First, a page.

America's Voice En Español »
September 15, 2010
The DREAM Act (S.729/H.R.1751)
Specifically, the bill gives eligible young people who were brought to the U.S. as children the opportunity to resolve their immigration status and work towards citizenship. To move from being undocumented to being a U.S. citizen, those eligible will have to pass background checks and be of good moral character, graduate from high school, and go on to complete additional requirements by either attending college or completing military service.
1. The DREAM Act promises to dramatically increase the pool of highly qualified recruits for the U.S. Armed Forces.
The DREAM Act is recommended in the 2010-12 Strategy Plan for the Defense Department’s Office of the Under Secretary of Defense for Personnel and Readiness to help the military “Shape and maintain a mission-ready All Volunteer Force.”
David S. C. Chu, Bush Administration Under Secretary, Personnel and Readiness, Department of Defense said, “many of these young people may wish to join the military, and have the attributes needed – education, aptitude, fitness, and moral qualifications. In fact, many are High School Diploma Graduates, and may have fluent language skills — both in English and their native language. Provisions of S. 2611, such as the DREAM Act, would provide these young people the opportunity of serving the United States in uniform.” 
2. The DREAM Act is supported by 70 percent of likely voters and by leaders in education, the military, business and religious orders.
A national poll of 1,008 adults, conducted by Opinion Research Corporation for First Focus in June 2010, shows that support cuts across regional and party lines with 70 percent overall support, 60% support from Republicans and 80% support from Democrats.
University presidents and educational associations, as well as military recruiters, business and religious leaders have called on Congress to pass the DREAM Act.
3. The DREAM Act is a great return on money we have already invested and will prepare the country for the global economy.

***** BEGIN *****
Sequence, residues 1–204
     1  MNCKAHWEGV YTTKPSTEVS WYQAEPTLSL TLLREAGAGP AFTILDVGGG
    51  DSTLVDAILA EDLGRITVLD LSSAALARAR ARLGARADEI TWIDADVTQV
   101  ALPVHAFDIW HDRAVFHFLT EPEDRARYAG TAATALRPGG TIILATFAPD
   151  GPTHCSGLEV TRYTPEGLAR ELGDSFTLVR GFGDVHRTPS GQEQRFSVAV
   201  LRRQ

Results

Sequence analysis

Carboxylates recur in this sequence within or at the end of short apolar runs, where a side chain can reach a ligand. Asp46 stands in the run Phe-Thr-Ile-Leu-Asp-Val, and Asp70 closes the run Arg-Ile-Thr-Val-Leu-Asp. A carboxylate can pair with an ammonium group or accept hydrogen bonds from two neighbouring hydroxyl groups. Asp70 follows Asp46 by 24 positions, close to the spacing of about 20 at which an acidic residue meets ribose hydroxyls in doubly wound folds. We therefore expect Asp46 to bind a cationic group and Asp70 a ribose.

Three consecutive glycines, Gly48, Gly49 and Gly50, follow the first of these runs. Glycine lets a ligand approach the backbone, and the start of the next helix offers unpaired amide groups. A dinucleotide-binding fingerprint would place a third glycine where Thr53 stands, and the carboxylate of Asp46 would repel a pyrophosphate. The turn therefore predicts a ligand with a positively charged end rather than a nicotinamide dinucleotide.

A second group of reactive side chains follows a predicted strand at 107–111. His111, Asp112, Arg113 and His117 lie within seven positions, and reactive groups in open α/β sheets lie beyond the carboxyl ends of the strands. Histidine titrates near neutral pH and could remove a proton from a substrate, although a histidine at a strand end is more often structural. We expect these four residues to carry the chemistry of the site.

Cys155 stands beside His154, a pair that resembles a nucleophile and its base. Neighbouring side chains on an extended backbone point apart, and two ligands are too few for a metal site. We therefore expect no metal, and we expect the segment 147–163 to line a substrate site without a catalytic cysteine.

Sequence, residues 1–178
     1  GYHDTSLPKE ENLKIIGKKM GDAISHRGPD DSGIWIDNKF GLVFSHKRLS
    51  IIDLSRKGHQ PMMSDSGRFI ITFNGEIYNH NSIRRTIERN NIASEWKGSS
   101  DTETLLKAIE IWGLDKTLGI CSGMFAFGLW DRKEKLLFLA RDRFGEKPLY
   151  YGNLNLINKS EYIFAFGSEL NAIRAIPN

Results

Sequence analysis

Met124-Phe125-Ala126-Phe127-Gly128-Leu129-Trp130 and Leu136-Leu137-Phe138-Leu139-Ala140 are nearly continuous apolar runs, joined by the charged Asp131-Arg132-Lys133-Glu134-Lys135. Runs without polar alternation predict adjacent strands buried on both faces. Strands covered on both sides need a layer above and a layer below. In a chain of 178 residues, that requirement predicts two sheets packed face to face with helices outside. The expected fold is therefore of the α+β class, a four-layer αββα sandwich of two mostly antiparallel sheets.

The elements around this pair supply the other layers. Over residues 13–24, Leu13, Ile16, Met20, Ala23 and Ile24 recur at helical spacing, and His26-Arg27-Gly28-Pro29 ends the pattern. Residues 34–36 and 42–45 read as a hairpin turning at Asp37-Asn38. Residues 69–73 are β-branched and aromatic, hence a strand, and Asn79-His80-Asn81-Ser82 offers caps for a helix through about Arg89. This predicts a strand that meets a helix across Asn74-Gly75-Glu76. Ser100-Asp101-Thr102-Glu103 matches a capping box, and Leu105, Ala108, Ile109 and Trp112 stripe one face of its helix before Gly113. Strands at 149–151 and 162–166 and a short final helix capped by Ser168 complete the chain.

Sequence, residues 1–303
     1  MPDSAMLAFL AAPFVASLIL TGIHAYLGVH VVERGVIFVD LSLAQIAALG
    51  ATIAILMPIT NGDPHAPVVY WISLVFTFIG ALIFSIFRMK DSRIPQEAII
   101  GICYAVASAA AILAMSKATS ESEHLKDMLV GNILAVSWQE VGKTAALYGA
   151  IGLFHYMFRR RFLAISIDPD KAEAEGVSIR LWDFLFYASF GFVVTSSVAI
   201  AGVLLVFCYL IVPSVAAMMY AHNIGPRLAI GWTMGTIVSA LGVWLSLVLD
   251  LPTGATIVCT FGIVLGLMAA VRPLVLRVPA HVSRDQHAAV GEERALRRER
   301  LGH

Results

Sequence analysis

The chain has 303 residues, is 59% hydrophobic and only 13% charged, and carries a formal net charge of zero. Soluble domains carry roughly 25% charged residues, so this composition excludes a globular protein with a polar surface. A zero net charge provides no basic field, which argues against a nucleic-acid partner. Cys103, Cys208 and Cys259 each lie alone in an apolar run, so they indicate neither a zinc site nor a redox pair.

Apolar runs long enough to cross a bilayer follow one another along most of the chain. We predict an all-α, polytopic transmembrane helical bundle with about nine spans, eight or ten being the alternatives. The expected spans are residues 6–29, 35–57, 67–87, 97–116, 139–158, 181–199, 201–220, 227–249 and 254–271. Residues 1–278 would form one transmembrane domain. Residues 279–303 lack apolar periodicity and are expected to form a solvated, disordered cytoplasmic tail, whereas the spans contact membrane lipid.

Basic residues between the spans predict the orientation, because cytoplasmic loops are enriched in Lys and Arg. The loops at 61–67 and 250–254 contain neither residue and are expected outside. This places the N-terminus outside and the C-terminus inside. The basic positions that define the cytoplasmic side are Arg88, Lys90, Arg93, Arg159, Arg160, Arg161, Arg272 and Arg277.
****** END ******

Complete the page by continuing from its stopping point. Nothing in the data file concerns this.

The students who would benefit under the DREAM Act have been raised and educated in the U.S. State and local taxpayers have already invested in the education of these children in elementary and secondary school. America deserves a return on their investment.
Today’s global economy requires an educated and skilled workforce capable of acquiring, creating, and distributing knowledge. Passage of the DREAM Act will mean a group of talented, multi-lingual and multi-cultural workers will help America compete with innovators throughout the world.
Leading businesses such as Microsoft have endorsed the DREAM Act because they recognize that our broken immigration system is draining our economy of the talent and resources needed to compete in the global economy.
4. Passage of the DREAM Act will reduce high school dropout rates and enable more students to attend college.
5. Passage of the DREAM Act will increases revenues in our communities.
 [CQ Congressional Testimony; ‘Immigration and the Military’; July 10, 2006]
 Margaret Stock, The DREAM Act: Tapping an overlooked pool of homegrown talent to meet military enlistment needs, (Bender’s Immigration Bulletin, January 15, 2006).
 Roberto Gonzales, Young Lives on Hold: The College Dreams of Undocumented Students, (College Board Advocacy, April 2009).